Mark is a Senior at Tufts University, focused academically on Health Economics. Growing up, he spent nine years living in Beijing and Tokyo, but had never been to Europe.Interviewed on - 10 February 2015
I chose to study abroad to gain new experiences that I could not get back at Tufts. For me, going abroad represented not only a chance to study something new, but to be taken out of my routine in general.
I wanted to study things outside of my typical academic routine. As a Quantitative Economics and Biology double-major, this meant art history and gender and sexuality. Amsterdam is the perfect city to study these topics, given the epic art history of the Dutch and the “pragmatic tolerance” that defines the politics of the Netherlands.
I knew that with IES Abroad I would have no issues transferring credits towards my liberal arts requirements at Tufts.
I lived with a roommate that I chose to study abroad with from my home university. Our apartment building was awesome, and we lived with many other study abroad students from not only our program, but many programs internationally. The location was great as well. Very close to the city center, but enough out of the way to avoid the hordes of tourists that invade the major sites. We were also incredibly close to the best brewery in the city and the IES Abroad office.
I would wake up, cook breakfast, read, go to my class and then had the rest of the day ahead of me to do as I pleased. Often I would visit one of the many spectacular museums in Amsterdam, crossing another of my list each time. We could visit essentially every museum in the city for free with the museum cards the IES Abroad program provided for us. Then I would go grocery shopping, either in one of the many outdoor markets throughout the city or in the very affordable Albert Heijn. My roommate and I would then typically cook dinner together. At night, I would spend time in my room with others in the apartment or we would go out to hang out at a bar in town.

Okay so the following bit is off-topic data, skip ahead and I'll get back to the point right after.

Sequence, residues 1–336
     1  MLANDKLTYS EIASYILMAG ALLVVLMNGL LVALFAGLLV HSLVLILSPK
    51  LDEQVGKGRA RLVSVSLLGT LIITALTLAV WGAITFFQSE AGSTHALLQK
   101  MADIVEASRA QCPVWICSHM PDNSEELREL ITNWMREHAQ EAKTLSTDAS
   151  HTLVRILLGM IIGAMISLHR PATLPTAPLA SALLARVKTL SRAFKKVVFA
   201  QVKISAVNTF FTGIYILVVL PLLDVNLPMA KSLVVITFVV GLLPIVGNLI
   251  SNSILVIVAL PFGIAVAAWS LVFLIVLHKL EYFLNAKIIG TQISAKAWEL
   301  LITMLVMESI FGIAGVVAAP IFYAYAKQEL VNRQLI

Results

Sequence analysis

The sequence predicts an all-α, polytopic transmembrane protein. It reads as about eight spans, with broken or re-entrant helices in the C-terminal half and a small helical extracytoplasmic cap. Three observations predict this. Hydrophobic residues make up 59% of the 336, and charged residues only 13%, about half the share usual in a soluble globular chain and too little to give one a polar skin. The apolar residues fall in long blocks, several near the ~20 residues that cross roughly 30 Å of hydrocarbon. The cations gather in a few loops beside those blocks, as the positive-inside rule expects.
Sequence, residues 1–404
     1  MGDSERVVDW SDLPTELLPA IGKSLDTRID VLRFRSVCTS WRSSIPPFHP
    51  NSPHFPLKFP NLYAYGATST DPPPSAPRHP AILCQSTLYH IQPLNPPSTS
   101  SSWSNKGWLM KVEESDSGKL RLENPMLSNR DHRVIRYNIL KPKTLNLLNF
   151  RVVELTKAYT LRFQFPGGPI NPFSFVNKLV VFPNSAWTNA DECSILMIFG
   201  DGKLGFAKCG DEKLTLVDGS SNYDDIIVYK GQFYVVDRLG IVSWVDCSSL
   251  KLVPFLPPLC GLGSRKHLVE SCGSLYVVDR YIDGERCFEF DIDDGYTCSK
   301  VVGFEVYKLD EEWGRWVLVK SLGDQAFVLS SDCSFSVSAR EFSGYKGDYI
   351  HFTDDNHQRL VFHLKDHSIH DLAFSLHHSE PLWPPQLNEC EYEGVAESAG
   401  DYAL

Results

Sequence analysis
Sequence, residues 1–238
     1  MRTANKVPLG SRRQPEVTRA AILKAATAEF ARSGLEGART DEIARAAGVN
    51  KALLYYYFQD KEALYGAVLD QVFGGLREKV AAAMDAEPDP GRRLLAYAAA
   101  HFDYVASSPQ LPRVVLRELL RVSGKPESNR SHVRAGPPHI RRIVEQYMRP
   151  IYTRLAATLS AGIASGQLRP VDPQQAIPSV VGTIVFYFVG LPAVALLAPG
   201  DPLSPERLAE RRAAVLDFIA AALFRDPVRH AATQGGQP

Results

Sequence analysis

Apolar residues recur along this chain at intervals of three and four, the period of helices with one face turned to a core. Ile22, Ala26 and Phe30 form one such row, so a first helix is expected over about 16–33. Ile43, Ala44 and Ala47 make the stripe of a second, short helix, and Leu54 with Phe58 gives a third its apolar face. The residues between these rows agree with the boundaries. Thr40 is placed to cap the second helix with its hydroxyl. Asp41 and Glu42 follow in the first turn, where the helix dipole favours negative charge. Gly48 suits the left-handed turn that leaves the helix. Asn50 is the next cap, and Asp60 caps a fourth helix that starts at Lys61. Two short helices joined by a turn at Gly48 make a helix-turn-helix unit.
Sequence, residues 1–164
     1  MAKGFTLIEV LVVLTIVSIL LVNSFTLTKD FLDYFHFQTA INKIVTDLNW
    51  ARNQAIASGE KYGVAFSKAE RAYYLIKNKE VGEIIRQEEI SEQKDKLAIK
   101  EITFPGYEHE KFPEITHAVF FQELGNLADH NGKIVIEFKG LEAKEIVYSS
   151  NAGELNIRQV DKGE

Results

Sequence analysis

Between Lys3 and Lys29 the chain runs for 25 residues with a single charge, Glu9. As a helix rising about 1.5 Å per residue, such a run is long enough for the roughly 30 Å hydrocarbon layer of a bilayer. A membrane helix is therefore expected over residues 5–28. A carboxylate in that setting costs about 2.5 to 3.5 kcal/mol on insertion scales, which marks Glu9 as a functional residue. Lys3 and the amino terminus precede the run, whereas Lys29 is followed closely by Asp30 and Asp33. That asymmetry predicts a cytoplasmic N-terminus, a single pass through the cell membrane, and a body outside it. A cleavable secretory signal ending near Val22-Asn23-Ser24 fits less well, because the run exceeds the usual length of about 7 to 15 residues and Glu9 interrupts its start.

One day my friends and I went on a long ~50km bike ride north of Amsterdam. We took a quick (free) ferry to Amsterdam Noord, then biked for hours along the farmlands and water. The bike ride was beautiful. Along the way we stopped in little Dutch towns, checking out some of the stores and snacking on herring.
Finally our trip took us to Edam, a small but famous cheese town, where there happened to be a special festival going on that day. The festival brought an awesome market, with freshly cooked street foods, free beer tasting, and even a petting zoo. We spent some time there and then started our journey back.
On the way back, we decided to bike out to Marken, a tiny Dutch town that was originally an island but is now connected by the narrow bike path that we rode along. We stayed in Marken to watch the sunset come down over the water and then finally biked back to Amsterdam.
Being separated from my community back at Tufts. This was also a huge learning opportunity, however.
The livability of the city. The parks, the markets, the museums, the beer.
Yes. If you are looking for an English speaking program, then IES Amsterdam program is a unique option. In one semester, you can get a really great feel for the city, especially since you bike wherever you go.